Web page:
On a quite Friday, focus will remain on the oil market and the Fed as traders try to dissect the wide ranging views of policy makers in order to anticipate when the next rate hike will actually happen.
We had more comments from policy makers on Thursday but once again, there was no consistent messages and John Williams – who earlier in the week sent the dollar into a tailspin after suggesting that the inflation target should be higher, which suggested there was little desire to raise rates – claimed there should be a hike sooner rather than later.
Meanwhile we also heard from a couple of his colleagues – William Dudley and Robert Kaplan – and again the message wasn’t necessarily consistent with Dudley reiterating that the US economy is strong, as displayed by the labour market data, while Kaplan claimed that while there is some room for manoeuvre on interest rates, it’s limited. With other messages from policy makers being more inconsistent again, it’s no surprise that the markets are changing their mind on the timing of the next hike on almost a daily basis. If the Fed clearly isn’t sure when it’s going to happen, how are investors meant to accurately price it in.
The other focal point for investors at the moment is the oil market, where the price of crude continues to climb on the growing expectation that OPEC could agree to a price freeze or cut when it meets on the sidelines of the International Energy Forum next month. Saudi Arabia, the most important player in the cartel, has played up these reports recently but I do still remain sceptical. It seems there’s always a desire to find a solution ahead of these events and yet, the dream is always more promising than the reality. The markets though clearly believe it is a strong possibility this time.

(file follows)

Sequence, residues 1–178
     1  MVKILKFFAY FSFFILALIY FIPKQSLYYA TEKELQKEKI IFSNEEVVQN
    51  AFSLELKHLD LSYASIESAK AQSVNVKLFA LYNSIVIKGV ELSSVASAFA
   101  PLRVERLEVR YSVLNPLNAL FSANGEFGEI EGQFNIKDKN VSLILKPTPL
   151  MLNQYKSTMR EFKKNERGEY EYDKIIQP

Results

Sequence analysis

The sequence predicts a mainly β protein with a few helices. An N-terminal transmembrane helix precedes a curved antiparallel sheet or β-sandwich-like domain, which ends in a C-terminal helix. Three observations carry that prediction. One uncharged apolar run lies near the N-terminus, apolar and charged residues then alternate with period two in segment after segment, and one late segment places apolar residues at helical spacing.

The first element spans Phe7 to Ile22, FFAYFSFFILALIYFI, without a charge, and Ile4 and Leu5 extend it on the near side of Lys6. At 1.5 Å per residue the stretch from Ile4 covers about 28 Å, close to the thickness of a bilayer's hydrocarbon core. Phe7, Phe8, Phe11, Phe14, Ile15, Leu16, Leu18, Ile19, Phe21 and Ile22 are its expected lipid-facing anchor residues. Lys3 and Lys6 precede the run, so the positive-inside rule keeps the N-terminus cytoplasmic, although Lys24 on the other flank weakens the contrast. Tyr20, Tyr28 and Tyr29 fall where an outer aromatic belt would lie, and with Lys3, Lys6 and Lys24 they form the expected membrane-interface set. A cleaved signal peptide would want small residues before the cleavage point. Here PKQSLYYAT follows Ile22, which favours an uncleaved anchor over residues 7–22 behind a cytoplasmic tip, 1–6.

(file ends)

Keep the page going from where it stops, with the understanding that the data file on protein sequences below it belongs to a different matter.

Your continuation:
With Brent crude trading back above $50 a barrel and WTI potentially also looking to cross the threshold soon enough, a deal is clearly at least partially priced in. Should no deal be forthcoming then we could quickly see prices heading back towards $40 once again.
Source – OANDA fxTrade Platform 
Brent and WTI are both trading marginally lower so far today, with traders eyeing the Baker Hughes oil rig count data, released later on in the session. Should we see an eighth consecutive weekly rise in the number of rigs in the US, it may further alleviate some of the upward pressure on oil prices which have only increased over the course of this week.
For a look at all of today’s economic events, check out our economic calendar .
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